As Christians we believe that we have been given the answer for the major dilemma of life – sin and ultimately death. We believe that the life, death and resurrection of Jesus put back in balance what Adam’s sin originally put out of balance. The problem is this: We as Christians cannot agree as to whom to apply that sacrifice. Is it for all - every man and woman who ever lived, or is it for only the few who have ever followed after Jesus? Stay with us as we take an honest and scriptural look at the question!
We as Christians all hold the life, death and resurrection of Jesus as the centerpiece of our faith. Without Jesus, we are nothing. One of the key factors about this sacred truth that actually divides Christianity is the application of the sacrifice of Jesus. Just who did he die for and who, if any, are excluded from the benefit of his death? Stay with us as we look into a variety of perspectives and try to find the biblical principles that seal the answer to this question.
Everyone hurts someone at some point in their lives, whether it is intentional or not. Many of us carry the scars of past disappointments, broken trust, or just plain tragedy with us for our entire lives. Even though we know what forgiveness is, sometimes it seems too hard to truly exercise it because it seems that if we forgive, then we are somehow letting the other party off the hook. Is this true? Stay with us as we look into what forgiveness is and what it is not and try and get our arms around one of the greatest earthly powers that God ever gave us!
As a Christian, we look at Jesus not only as our Lord and Savior, not only as the Ransom given for the sins of the world, but as a great teacher as well. One can spend a lifetime learning from him. One of the unique aspects of Jesus’ teaching is the fact that he taught in parables – stories – lots of stories. Stay with us as we will look at one of those stories and see some remarkably clear lessons about life and the challenges of following Christ.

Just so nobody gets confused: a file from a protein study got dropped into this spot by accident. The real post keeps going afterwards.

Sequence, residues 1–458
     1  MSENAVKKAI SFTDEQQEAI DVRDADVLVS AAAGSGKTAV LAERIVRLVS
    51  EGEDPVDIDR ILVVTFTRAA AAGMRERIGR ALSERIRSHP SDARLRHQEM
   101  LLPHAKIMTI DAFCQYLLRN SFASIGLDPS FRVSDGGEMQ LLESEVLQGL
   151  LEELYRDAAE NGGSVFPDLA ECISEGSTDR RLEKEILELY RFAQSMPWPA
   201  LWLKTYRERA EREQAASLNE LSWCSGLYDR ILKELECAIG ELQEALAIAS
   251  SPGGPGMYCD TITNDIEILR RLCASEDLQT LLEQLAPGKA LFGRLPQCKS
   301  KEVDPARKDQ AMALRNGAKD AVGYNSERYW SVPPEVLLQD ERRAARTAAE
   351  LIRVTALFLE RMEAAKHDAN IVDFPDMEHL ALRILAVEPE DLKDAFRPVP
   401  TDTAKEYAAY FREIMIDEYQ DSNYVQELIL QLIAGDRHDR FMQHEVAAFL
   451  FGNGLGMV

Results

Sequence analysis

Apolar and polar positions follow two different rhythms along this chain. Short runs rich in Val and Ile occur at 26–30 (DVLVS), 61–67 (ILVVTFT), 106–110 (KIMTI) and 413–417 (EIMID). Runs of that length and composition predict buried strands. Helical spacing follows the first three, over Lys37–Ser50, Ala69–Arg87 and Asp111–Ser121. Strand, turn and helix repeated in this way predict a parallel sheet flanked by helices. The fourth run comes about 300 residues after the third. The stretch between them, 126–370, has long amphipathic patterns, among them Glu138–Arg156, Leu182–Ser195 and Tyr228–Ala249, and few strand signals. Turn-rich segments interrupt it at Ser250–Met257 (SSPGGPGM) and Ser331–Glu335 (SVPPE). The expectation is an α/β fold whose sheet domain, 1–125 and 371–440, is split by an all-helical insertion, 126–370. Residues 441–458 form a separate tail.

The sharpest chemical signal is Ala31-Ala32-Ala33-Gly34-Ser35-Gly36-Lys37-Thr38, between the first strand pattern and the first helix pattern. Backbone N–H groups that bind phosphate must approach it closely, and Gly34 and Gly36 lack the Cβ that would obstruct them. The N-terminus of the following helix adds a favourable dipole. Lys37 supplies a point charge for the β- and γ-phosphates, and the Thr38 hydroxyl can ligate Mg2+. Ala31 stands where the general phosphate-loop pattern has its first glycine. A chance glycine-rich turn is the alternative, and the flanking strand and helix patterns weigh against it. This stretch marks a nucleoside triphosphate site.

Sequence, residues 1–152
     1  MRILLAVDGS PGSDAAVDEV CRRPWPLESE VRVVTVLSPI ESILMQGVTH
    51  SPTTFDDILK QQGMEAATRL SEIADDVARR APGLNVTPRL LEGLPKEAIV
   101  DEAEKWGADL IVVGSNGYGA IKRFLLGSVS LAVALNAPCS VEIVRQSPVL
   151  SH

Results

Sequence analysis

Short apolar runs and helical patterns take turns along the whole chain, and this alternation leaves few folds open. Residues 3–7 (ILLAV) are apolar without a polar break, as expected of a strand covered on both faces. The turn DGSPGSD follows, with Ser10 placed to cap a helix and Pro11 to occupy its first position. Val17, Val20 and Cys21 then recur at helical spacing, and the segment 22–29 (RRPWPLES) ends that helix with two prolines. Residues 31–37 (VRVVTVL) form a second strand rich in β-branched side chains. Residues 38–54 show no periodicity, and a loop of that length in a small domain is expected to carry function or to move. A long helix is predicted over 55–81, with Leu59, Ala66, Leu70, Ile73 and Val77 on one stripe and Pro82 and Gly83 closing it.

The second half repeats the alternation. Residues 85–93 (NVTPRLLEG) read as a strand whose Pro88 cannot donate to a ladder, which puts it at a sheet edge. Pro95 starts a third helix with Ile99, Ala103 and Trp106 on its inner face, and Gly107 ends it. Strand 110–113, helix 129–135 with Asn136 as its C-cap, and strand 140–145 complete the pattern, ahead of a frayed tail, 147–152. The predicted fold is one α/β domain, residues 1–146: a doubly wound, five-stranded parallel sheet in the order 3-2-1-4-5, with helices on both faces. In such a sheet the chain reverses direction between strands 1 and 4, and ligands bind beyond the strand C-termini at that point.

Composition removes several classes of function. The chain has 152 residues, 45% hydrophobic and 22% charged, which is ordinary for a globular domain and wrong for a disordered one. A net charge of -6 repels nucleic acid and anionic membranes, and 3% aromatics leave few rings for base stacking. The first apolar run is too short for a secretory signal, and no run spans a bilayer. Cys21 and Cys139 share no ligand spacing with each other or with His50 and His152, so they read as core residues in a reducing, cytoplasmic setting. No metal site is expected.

Salvation – it is at the very core of Christian faith. Salvation is something we all want and something that we as Christians all claim. That’s good...for us. Now the harder part. What about unbelievers? Where do they fit? Do all unbelievers have the same opportunity as we do? What about those who never heard of Jesus and died in that ignorance? Does the Bible give us concrete answers to these questions? Stay with us as we open and discuss an incredibly difficult question – can one who dies an unbeliever still be saved?
It was over 2,000 years ago that the world changed. As we look back, we can trace the events of Jesus' last week to the fulfilling of many prophecies. The events of what we now call Palm Sunday were a striking beginning to a series of circumstances that showed the value of Jesus and his sacrifice in an unmistakable and inspiring way. This is the story that we tell. Stay with us as we look at Jesus, prophecy and the Jewish Passover and their remarkable correlations.